However, despite the driving overkill, I'm looking forward to the drive back. This time I'll take the coast road, which is much longer, but which is so beautiful I don't care how long it takes me. I'm hoping to spend a week on the road for the return trip.

So, while I'm in San Francisco, I'm sticking to BART and shank's pony!

Inserting text

It appears we're writing a letter, but we've omitted the salutation at the beginning. To insert that, use the arrow keys to move the insertion point to the very beginning of your document.

You've already seen how easy it is to insert words. Inserting a new line or paragraph is just as simple: make sure the insertion point is positioned immediately before the first word in the first paragraph and then press the Enter key. The whole paragraph will move down one line. You can then press the Up Arrow key once to move up to the blank line you inserted, and type:

Dear Eamon,

If you find you accidentally insert too many blank lines, press the Backspace key to delete the extra blank lines and move your insertion point upwards. (Note: the Backspace key deletes characters to the left of the insertion point; the Del or Delete key deletes characters to the right of the insertion point.)

Now, use the Down Arrow key or PgDn key to go to the very bottom of your letter. If the insertion point won't move past the last word in the final paragraph, press Enter to move onto another line.


More later! Lots of love,


Fixing Mistakes
You've finished the core of your letter. It's now time to read through and correct any mistakes.

Before you read through, you might want to use your word processor's spelling checker to correct any spelling mistakes you've made. Each spelling checker works slightly differently (and some cut-down word processors don't even have one). There should be an icon for the spelling checker in the toolbar, or you'll find it as an option in an Edit, Tools or Proofing Menu.

Cleaning up after the spelling checker
Don't depend on the spelling checker to catch all your mistakes. For example, in the second paragraph you might have typed 'strait' instead of 'straight'. The spelling checker won't pick it up, as 'strait' is a word in its own right. A grammar checker should pick this up, but using a grammar checker on a short, informal document like this is probably overkill (and, besides that, they're not always accurate!).

You can turn 'strait' into 'straight' by using the arrow keys to position the insertion point immediately after the 'I' and typing 'gh'. An easier way to do the same thing is to use the mouse to move the insertion point: simply click immediately after the 'I' and then type 'gh'. You'll find there are almost always two or three ways to perform the same task in a word processor – choose the way that suits you best, but remember to look for the shortcut routes.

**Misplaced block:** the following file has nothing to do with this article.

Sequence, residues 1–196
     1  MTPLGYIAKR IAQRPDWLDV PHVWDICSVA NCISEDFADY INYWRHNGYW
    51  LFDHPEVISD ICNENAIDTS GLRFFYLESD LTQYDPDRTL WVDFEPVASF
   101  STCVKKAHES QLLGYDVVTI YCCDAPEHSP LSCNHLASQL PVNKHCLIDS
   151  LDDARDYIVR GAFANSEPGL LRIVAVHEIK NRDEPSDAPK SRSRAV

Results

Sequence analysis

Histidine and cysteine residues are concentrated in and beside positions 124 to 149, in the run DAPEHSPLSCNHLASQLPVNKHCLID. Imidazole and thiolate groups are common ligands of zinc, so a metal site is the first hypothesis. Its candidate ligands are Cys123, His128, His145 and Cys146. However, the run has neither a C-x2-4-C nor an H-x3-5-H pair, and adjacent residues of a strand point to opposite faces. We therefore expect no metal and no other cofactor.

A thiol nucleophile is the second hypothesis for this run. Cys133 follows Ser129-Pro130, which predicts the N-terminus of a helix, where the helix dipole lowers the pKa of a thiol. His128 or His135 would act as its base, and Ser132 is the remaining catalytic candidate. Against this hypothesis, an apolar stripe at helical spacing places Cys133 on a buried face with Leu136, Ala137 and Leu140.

Editing alternatives

Notice how, in both the second and third paragraphs, you've used the word 'stunning'. Eamon's going to think you have a limited vocabulary if you keep repeating yourself, so let's change the second 'stunning' to 'beautiful'.

Here are three ways to do the same task:

Position the insertion point immediately after the word stunning (using the mouse or arrow keys), press backspace eight times to delete the word, and then type 'beautiful'.

Position the insertion point immediately after the word stunning, hold down the Ctrl key and press Backspace to delete the word in one go, and then type 'beautiful'.

Double-click on the word stunning to highlight (also called 'selecting') the word. Now, type 'beautiful'. The word you type will replace the highlighted selection.

You can use any of these techniques (they should all work in any word processor), but the third technique is the fastest of all.

Selecting text

The technique of selecting text mentioned in point three above is very important in word processing. You'll use it constantly when you are editing and formatting text. At times, you'll want to select a single word. Other times, you may want to select a sentence, a paragraph or a whole document.

The standard text selection procedures are the same in all word processors: double-click a word to select it; or click-and-drag over text to select a whole series of words, lines or paragraphs.

Other selection options vary between word processors. For instance, you can select a whole paragraph in Microsoft Word or WordPad by triple-clicking anywhere in the paragraph. To achieve the same effect in Microsoft Works 4, you double-click in the margin beside the paragraph. In Lotus WordPro, you hold down the Ctrl key and double-click anywhere in the paragraph.

Discovering editing shortcuts

How do you discover all these shortcuts? Well, you can try the fun way and experiment: click, double-click and triple click all over the place. Hold down the Ctrl key and do all of the preceding, or try clicking with the right mouse button. Don't worry if something unexpected happens: you've saved your work (right?) and you're not working on a document that matters anyway. You can always use the Undo option on the Edit Menu (in most word processors) to undo your last action as well.